5 Mins With ... Tim Mendelssohn, CEO of Spark
Tell us about Spark, how the business started and your objectives?
In early 2019, we launched Spark Commodities (Spark), based in Singapore and backed by Kpler, the industry-leading commodities data & analytics provider, and EEX, a world-renowned global exchange that is part of the Deutsche Boerse Group. The goal was simple; to redefine how commodity markets trade, beginning with creating an LNG freight index. The reality was that we were taking on some of the biggest, most established players in a multi-billion dollar part of the energy industry. However, a strong combination of shareholder support and a strong, in-house developer team gave us the foundation to make an impact. We’ve now got over 200 companies on the platform, 1000+ users and have recently listed our contracts on ICE.
How can modern startups compete with established legacy operators and what are the benefits and limitations for new enterprises?
While we don’t have the legacy of our competitors, we compete by building an organisation that is designed to respond to the market. If you logged into Spark two years ago, and then logged in now, you would see a fundamentally different platform. This iterative approach means we can deliver what our customers need, deploying modern technologies in a more powerful way that adds greater value. The challenge is that you have to build trust through strong, continued and sustained delivery and execution. When your competitors are 100+ years old, well funded and have hundreds of employees, there are no second chances.
We hear a lot about 'customer centric' operations, what does that mean to Spark in the context of the technical industry?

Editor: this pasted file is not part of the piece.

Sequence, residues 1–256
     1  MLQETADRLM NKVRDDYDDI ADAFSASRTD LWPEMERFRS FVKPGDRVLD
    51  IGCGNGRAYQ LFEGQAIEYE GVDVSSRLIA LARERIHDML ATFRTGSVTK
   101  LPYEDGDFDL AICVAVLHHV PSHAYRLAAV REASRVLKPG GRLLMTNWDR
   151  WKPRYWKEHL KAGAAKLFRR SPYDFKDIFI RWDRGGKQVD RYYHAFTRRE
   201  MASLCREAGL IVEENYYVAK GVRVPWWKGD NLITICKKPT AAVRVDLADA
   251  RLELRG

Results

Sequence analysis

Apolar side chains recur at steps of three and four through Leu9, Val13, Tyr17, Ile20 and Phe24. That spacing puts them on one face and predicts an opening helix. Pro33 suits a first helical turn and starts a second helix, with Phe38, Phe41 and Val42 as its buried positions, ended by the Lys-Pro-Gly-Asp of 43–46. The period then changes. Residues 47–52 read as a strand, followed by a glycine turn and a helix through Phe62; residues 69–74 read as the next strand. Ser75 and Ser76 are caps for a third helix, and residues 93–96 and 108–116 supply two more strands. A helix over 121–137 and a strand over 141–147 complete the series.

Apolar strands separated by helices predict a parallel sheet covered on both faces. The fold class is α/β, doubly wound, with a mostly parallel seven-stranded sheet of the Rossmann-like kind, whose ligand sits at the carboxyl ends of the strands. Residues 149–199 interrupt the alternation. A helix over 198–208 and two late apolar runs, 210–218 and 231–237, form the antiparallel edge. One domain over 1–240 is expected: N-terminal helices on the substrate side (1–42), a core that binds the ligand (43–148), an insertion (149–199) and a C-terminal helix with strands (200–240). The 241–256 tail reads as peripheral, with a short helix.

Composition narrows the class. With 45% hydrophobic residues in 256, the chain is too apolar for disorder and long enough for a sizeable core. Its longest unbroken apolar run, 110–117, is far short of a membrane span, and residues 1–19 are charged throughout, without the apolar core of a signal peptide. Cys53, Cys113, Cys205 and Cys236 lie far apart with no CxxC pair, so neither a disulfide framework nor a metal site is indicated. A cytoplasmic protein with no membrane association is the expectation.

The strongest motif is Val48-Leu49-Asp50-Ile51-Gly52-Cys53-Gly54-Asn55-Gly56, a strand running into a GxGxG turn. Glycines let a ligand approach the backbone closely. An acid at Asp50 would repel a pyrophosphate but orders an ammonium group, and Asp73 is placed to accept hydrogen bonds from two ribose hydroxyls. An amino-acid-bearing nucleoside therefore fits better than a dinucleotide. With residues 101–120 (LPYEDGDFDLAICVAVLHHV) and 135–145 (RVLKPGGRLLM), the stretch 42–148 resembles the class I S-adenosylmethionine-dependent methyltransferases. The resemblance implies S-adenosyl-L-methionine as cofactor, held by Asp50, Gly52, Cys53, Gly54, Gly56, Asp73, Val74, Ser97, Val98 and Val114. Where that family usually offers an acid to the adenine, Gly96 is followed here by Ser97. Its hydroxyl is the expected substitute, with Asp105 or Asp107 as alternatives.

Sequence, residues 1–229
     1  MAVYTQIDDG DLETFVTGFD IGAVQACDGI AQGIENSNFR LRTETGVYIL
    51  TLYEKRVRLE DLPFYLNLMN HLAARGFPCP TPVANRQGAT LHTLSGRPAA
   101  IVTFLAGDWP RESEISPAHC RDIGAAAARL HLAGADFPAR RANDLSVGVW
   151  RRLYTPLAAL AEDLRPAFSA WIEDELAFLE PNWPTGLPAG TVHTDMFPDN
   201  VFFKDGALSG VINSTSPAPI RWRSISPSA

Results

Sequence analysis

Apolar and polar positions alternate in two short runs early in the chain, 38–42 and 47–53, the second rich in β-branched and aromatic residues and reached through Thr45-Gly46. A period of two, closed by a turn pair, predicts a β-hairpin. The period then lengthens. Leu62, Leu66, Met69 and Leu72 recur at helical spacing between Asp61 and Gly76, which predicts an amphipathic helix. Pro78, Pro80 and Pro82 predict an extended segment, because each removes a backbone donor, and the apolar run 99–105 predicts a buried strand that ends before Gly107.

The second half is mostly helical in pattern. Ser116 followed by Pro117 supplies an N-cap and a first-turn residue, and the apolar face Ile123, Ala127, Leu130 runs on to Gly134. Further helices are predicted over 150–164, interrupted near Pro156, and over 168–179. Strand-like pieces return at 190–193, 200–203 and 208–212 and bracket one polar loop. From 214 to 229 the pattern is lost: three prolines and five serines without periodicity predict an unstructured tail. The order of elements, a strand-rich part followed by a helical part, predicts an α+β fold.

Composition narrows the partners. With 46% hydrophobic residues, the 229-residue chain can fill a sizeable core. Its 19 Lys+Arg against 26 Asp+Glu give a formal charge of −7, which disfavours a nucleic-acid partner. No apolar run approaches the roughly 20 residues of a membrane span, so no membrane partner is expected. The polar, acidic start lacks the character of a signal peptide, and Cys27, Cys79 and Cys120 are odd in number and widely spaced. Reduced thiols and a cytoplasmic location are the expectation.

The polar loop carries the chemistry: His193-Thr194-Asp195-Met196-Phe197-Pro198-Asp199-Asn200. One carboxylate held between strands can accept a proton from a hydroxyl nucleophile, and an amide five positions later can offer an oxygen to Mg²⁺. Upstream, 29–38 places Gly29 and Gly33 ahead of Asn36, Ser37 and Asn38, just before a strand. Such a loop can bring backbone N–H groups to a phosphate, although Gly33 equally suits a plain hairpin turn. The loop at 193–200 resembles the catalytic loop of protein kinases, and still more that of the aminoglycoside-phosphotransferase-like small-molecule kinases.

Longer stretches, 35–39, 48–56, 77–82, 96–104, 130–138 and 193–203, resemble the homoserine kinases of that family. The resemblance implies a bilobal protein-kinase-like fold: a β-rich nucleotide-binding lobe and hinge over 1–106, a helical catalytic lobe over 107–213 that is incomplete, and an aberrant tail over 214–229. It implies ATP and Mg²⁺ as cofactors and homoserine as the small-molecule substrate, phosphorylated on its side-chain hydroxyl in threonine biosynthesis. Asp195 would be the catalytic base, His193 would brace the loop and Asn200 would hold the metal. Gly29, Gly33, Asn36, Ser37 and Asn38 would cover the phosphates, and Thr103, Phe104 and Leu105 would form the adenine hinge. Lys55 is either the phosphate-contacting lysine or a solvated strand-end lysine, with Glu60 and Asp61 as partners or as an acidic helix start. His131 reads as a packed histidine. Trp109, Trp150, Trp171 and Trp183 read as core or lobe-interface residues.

We take customer data to form robust indices that the market can use when managing risk. When creating and developing both the platform and our indices, we must ensure our products are both accurate and valuable. The only way to do this is listening continuously and iterating as the market and their respective needs evolve.
How important are partnerships in attracting and sustaining business?
Without our partnerships, we’d join the long list of companies with good ideas but limited validation. Partnerships, in the form of shareholder structures, collaboration with exchanges (in our case ICE) and developing relationships with key customers demonstrates validation and our ability to add real value. Without this, it’s hard to transition from an idea to a functioning business.
What role will digital transformation play in the energy transition and achieving net zero targets?
It’s a vast subject but conceptually, an increase in digital offerings will facilitate greater transparency, which in turn should lead to greater trust, greater adoption and therefore faster adoption of transition-focused solutions. I believe that transparency will act as a natural accelerant to the process and we aim to be part of that process.